All notes have create dates
Whenever you create a note in Evernote, the note automatically gets a create date. The default is the date and time at which the note was created. More often than not, I find that the default create date is fine, but it is important to know that…
The create dates can be changed
Why would you want to change a create date?
I tend to change create dates when I want to ensure the document in question is searchable by date. Most of these notes come from documents that I scan in. If I received a statement in the mail, the statement is often dated several days before the day I actually receive it. Then, too, I don’t always scan things in on the day they arrive.
When scanning in these types of documents, I will alter the create date to match the date on the document. For instance, if I scan a statement today, June 18, but the date on the statement is June 6, I will change the create date of the note to June 6. The reason for this is twofold:
- It allows me to use the “created:20130606″ and “-created:20130606″ type of search notation which makes searches much more accurate because Evernote is doing a real date search, as opposed to search for text in the title.
- It allows me to find documents quicker when someone references them by date. For instance, if I am on the phone with the business that sent me the statement and they ask me to refer to the statement of June 6, I have multiple, simple ways of finding the document. I can look at my “timeline” for June 6 and find the document. Or I can do a search for notes created on June 6 and add additional tag and notebook filters as appropriate.
I’ve found that by making the create date of a note match the date on the document itself, I can find just about any note I’m looking for in 2 or 3 seconds.
I do this for bills and statements I scan in. I do it for insurance policies. I also do it for old letters and other correspondence that I have scanned in,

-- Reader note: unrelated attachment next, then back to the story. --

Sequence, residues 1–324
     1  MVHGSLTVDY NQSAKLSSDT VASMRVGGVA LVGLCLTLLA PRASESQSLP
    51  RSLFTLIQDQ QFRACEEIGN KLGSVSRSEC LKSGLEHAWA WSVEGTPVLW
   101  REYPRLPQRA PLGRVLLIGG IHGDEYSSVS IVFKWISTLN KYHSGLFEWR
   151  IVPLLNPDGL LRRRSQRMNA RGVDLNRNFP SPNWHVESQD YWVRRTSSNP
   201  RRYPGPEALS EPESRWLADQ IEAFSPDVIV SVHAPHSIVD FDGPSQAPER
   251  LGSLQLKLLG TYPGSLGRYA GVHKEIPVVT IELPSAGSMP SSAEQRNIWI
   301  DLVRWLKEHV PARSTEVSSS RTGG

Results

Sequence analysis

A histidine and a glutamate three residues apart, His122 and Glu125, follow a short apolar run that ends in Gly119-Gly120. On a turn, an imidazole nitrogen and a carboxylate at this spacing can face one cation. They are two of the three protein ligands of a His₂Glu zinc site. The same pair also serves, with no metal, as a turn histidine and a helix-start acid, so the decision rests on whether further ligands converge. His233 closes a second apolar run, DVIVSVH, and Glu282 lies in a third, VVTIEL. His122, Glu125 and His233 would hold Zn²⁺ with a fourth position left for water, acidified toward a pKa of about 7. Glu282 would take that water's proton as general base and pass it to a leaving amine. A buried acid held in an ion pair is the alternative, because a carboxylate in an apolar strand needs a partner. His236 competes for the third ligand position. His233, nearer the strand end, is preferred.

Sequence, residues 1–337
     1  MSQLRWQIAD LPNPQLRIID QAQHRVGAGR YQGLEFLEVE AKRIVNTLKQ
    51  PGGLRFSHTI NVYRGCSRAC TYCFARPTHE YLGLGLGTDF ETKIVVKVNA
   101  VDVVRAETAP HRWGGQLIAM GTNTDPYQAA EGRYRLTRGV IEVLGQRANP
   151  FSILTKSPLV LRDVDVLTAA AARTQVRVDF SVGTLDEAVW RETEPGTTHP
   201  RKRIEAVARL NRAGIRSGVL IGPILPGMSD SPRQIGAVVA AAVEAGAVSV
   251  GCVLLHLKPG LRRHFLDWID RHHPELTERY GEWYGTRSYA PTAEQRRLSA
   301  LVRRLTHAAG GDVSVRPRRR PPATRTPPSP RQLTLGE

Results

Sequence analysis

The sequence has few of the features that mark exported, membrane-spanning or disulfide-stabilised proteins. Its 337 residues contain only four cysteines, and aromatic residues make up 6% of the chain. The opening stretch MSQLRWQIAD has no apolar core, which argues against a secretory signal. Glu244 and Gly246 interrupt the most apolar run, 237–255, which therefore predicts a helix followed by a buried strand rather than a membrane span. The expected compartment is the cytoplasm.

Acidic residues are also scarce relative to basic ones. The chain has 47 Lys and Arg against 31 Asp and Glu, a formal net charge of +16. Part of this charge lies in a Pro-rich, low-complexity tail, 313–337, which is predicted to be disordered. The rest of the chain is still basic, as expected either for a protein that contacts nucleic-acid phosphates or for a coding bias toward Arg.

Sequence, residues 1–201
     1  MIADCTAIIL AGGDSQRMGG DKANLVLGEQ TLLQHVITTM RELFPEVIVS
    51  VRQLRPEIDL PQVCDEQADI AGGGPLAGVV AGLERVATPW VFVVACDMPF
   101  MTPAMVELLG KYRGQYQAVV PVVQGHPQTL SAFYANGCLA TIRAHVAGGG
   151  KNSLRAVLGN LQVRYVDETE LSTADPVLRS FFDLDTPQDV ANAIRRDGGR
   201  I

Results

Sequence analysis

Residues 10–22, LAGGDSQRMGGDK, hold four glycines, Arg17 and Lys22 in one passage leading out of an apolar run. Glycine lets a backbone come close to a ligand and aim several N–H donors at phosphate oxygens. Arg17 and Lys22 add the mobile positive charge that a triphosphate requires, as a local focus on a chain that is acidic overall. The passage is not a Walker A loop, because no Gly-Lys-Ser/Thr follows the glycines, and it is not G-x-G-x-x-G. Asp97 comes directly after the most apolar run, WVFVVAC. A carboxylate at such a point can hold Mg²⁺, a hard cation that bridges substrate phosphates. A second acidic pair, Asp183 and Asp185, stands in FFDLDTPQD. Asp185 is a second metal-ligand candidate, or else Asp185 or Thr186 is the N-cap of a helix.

All notes combine to create a timeline of events
If you looked at the create date of all of your notes in Evernote, you would see a timeline of events. Even seemingly unrelated events can prove useful when searching your timeline. When did I make that phone call? I know it was after my son’s birthday party, so let me find the note for his party and then start looking at notes after that. Graphically, the timeline of all notes might look something like this:
Each dot is a note with a line representing where it falls on the overall timeline. The different colors might represent different notebooks, or different tags, or a combination thereof. Within Evernote, I find it most useful to look at timelines using the List view:
In the view above, I am looking at all of my notes and have sorted them by Created date, from present to past. You can see from the titles that there is a big mix of things, but that the timeline notion itself forms a pretty complete picture of my life and goings-on.
Filtering your notes also filters your timeline
As I said above, all notes form a timeline. When you filter notes, you are also filtering your timeline. Using the illustration I did above, a filtered timeline might look something like this:
The blue dots and lines might represent bills, or things your kids did while growing up, or oil changes, or whatever you choose. When I look at my filtered timeline in Evernote using the list view, say, when I filter on where I’ve been (my foursquare check-ins), I see something like this: